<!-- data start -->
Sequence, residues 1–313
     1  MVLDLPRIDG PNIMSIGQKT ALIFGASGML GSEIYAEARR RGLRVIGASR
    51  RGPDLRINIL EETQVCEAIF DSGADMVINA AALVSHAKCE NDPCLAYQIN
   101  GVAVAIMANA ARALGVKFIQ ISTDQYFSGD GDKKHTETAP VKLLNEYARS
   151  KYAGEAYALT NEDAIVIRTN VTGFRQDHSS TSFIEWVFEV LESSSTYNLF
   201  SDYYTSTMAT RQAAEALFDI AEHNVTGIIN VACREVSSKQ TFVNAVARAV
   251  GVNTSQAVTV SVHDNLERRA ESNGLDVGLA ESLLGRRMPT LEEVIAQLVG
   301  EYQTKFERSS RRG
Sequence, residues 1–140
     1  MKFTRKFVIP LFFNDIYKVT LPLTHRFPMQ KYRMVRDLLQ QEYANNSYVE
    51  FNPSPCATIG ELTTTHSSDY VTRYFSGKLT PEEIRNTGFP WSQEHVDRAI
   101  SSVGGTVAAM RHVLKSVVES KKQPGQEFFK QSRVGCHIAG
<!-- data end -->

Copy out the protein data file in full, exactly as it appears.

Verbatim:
Sequence, residues 1–313
     1  MVLDLPRIDG PNIMSIGQKT ALIFGASGML GSEIYAEARR RGLRVIGASR
    51  RGPDLRINIL EETQVCEAIF DSGADMVINA AALVSHAKCE NDPCLAYQIN
   101  GVAVAIMANA ARALGVKFIQ ISTDQYFSGD GDKKHTETAP VKLLNEYARS
   151  KYAGEAYALT NEDAIVIRTN VTGFRQDHSS TSFIEWVFEV LESSSTYNLF
   201  SDYYTSTMAT RQAAEALFDI AEHNVTGIIN VACREVSSKQ TFVNAVARAV
   251  GVNTSQAVTV SVHDNLERRA ESNGLDVGLA ESLLGRRMPT LEEVIAQLVG
   301  EYQTKFERSS RRG
Sequence, residues 1–140
     1  MKFTRKFVIP LFFNDIYKVT LPLTHRFPMQ KYRMVRDLLQ QEYANNSYVE
    51  FNPSPCATIG ELTTTHSSDY VTRYFSGKLT PEEIRNTGFP WSQEHVDRAI
   101  SSVGGTVAAM RHVLKSVVES KKQPGQEFFK QSRVGCHIAG